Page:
Features: Birding — Cave — Waterfall — Wildflowers
Dogs: No Dogs
The trail is both runnable, and loaded with the kind of rocks and roots that make "technical" runners salivate. For those who like to feel like a mountain bike, this trail is a joy to run both up and down.
The Sugar Maple Nature Trail
is a loop which can be accessed via a trailhead across from Cathedral Drive, via the Homestead Parking Area, or by the Long Valley Road boat landing.
From the top (Cathedral Drive/Homestead), the trail starts on gentle pine duff with a few twists and turns. At roughly the quarter mile mark, the trail splits. Going right takes users on the north side of the loop. Staying left, on the south side of the loop, the trail is wide and steep with loose rocks in a few places. The downhill grade gets steeper towards the bottom, becoming a decent quad-burner for the last tenth of a mile or so.
Just a few hundred feet from the valley floor, the north side meets up again with the south side of the loop. Turning right takes users up a gentler grade, though on much more narrow singletrack.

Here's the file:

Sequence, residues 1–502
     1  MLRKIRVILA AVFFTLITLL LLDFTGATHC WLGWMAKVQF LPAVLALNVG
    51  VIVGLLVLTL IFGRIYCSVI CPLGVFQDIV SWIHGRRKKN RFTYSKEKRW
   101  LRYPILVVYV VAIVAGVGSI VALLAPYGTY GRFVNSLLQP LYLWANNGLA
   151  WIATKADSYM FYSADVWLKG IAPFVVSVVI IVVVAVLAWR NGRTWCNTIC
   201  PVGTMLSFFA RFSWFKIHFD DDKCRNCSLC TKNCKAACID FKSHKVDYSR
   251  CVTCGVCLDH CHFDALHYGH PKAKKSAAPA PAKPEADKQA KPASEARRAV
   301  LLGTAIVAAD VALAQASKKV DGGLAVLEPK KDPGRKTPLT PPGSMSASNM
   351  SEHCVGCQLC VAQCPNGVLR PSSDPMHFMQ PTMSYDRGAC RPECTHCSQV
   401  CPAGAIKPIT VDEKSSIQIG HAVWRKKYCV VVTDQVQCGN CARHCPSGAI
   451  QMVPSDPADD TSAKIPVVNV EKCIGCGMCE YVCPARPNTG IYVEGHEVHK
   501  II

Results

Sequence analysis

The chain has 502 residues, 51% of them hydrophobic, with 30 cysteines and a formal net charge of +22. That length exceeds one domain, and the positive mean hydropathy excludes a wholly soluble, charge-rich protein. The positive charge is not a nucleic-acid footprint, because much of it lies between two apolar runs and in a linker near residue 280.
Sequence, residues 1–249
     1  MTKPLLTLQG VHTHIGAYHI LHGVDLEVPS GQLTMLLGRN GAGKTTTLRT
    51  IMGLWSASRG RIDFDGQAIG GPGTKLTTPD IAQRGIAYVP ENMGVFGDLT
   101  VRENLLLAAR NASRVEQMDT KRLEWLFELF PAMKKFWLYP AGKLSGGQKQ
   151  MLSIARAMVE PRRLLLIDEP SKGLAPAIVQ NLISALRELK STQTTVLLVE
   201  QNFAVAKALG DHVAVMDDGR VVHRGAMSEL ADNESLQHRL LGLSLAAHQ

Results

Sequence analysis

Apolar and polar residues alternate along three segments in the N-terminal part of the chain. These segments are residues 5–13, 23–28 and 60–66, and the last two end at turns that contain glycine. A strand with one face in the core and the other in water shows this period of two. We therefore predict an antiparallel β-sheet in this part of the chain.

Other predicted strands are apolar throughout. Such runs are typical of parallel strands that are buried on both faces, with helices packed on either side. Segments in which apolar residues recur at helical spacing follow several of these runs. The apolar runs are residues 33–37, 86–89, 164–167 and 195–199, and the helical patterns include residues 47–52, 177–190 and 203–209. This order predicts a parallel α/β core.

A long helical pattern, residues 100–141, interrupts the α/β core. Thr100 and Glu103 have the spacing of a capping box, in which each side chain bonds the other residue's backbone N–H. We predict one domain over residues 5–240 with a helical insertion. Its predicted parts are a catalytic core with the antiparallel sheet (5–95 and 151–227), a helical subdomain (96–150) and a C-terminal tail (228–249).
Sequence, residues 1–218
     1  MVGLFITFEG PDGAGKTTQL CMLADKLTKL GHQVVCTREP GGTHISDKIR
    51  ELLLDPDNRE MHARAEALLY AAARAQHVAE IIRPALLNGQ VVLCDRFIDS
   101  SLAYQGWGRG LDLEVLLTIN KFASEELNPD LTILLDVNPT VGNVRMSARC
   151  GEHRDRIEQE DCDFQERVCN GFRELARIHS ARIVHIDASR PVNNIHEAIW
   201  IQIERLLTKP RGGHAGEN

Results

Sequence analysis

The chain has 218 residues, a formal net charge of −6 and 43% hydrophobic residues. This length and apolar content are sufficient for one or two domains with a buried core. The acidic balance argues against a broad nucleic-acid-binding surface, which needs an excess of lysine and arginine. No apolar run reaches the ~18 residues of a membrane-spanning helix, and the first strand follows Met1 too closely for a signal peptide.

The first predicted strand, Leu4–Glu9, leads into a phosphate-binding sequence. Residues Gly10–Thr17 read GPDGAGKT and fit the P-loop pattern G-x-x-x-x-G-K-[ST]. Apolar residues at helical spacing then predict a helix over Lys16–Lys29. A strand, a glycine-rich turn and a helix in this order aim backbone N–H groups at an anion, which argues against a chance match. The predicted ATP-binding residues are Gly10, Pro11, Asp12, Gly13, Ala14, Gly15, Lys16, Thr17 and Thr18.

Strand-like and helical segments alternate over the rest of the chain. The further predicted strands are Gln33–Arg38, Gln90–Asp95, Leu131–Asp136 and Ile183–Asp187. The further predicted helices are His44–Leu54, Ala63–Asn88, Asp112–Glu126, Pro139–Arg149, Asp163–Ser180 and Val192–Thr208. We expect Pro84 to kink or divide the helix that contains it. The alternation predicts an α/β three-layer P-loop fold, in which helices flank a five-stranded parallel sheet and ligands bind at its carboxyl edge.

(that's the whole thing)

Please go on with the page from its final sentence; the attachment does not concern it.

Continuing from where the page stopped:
Towards the top of the north side, runners are treated to a large cave/rock shelter, which (depending on recent precipitation) also has a stunning waterfall and pool. The shelter was extensively used by Native Americans prior to settlement, as evidenced by an abundance of rock art adorning the walls. Unfortunately almost all of this art is now lost to vandalism, replaced with so many initials, plus signs, and initials surrounded by a heart. Wyalusing has been a beloved fixture of the area for thousands of years; please respect those who came before us by leaving any mounds, artifacts, or art exactly as you found it.
A few wooden steps and bridges may may slow you down as the trail reconnects with the south side, but these structures do wonders to control erosion on the steep and well-traveled hillside.
It's all there on the signs! From invasive plants to night time predators, this is the trail if you want to get to know the local ecology.